This coming Saturday I shall be in Felixstowe for the latest in our #WeAreListening events that we have run since I became the Leader and from then onwards  I will spend each weekend in my own Division and across Suffolk supporting our great team of Candidates as we explain to residents on the door step, what we are about and why they should vote Conservative in May 2017.

Postcard from Birmingham

The end of September is Party Conference time and so last Sunday week I packed my bags and headed off to Birmingham for the Conservative Party Conference. I recall my very first conference in Blackpool many many years ago and over the years how my conference has changed.  Then, it was all about the main plenary sessions and trying to get a sense of this thing called the Conservative Party.  I was a fresh faced, well not that fresh faced but new Association Deputy Chairman political and I knew our MP Richard Spring and well that’s was about it. Today as I travelled up to Birmingham with a  mate I reviewed the speaking engagements I had been given by the LGA and the speaking engagements I had been ask to speak at by others such the LGiU and for each I had a bundle of briefing notes on how we put across the Local Government point of view.

Sunday morning I just managed to arrive in time for the start of the National Convention meeting at 10:30am in my role as Deputy Chairman Political of the Eastern Region where we were to vote on aspects of the changes proposed by the Party Board to the way Associations are run.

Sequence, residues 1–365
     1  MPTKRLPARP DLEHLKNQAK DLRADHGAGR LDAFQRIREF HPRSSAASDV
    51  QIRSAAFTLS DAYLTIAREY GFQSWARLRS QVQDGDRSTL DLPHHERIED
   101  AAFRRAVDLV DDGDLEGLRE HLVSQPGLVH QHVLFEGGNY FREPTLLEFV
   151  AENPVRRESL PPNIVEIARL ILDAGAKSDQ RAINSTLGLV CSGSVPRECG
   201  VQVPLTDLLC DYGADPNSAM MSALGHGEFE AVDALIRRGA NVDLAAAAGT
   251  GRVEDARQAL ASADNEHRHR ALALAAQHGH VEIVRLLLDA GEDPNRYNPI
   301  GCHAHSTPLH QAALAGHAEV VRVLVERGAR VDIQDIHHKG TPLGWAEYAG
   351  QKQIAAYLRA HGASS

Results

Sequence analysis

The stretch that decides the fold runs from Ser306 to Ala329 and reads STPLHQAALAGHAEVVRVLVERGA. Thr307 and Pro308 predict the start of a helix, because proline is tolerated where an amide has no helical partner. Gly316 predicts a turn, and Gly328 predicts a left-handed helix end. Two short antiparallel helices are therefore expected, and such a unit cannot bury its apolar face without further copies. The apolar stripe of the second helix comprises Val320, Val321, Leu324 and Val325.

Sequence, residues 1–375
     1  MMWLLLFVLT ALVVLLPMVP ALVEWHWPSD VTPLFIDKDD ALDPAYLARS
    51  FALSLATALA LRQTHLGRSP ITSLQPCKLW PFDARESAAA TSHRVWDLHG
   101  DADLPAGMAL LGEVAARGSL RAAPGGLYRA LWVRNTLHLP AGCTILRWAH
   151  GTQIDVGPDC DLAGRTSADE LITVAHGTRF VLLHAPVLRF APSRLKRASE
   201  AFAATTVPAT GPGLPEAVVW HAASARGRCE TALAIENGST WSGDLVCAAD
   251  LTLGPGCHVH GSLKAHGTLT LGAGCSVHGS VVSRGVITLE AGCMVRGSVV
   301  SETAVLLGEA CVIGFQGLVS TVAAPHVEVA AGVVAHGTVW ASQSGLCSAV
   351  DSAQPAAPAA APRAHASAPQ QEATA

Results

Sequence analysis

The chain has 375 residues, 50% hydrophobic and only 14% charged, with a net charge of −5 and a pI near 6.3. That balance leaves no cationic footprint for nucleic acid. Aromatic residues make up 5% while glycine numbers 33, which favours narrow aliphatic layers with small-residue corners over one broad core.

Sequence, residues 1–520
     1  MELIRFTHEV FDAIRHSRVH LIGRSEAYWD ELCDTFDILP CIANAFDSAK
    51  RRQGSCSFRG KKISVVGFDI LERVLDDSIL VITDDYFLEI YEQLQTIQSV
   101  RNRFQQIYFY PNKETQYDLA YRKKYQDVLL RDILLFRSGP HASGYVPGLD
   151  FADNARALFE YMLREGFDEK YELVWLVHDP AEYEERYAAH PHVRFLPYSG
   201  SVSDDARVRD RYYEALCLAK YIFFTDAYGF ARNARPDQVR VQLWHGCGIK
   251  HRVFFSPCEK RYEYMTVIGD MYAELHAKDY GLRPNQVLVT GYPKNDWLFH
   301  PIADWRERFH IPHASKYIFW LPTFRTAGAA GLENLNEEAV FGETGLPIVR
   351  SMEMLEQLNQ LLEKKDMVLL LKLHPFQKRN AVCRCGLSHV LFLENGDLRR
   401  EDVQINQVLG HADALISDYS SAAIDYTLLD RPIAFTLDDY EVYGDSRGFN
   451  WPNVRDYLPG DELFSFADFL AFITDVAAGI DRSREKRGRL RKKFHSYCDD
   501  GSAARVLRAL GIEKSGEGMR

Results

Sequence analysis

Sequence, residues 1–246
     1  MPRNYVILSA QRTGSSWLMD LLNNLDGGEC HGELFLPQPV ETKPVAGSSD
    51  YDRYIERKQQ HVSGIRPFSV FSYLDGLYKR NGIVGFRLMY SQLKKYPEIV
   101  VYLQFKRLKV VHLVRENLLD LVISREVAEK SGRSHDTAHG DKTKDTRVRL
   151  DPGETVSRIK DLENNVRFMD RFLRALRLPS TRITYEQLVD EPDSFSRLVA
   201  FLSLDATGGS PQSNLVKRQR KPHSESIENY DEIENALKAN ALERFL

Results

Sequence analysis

During the meeting Teresa May popped in for a chat and took questions, one of them was a direct one from John Peach, who is the former Leader of Peterborough City Council and currently Chairman of their Association.  ‘Did she like the idea of Directly Elected Mayors for non Metropolitan areas?’, she gave a direct answer, yes she did, she likes the accountability.  You may agree or disagree with her on that but the reply was very clear.  As were other comment made during the course of the four days. Then it was off to speak at a LGiU Fringe meeting about Devolution and Brexit and the role of Local Government over the coming years, joining me on the platform was Sean Anstee, Leader of Trafford and Baroness Scott the Leader of Wiltshire, a unitary County.  After than it was the usual round of fringes and plenary sessions before I had a relatively early night because the following morning I had a fringe I was speaking at 8am.

Monday morning I headed off to my fringe to speak about local skills and back to work programmes v DWP!  I then joined other County Leaders at a Westminster Council hosted lunch to talk about the positioning of the new SoS and how we might influence his agenda.  That evening it was the now traditional Euro MEPs dinner for the Eastern Region where a number of us discussed our part of the world and pondered that next years’ dinner will probably be the last of such events.  Not an major point in the scheme of things but I for one will miss working with our hard working Conservative Eastern Region MEPs As others wondered back to the conference Hotel bar, I again headed off to my hotel to prepare for another early start on the Tuesday morning where I was speaking about how we can deflect admissions from Acute Hospitals to more local community based services. Heading home and not to the bar was something I never did in those early Conferences!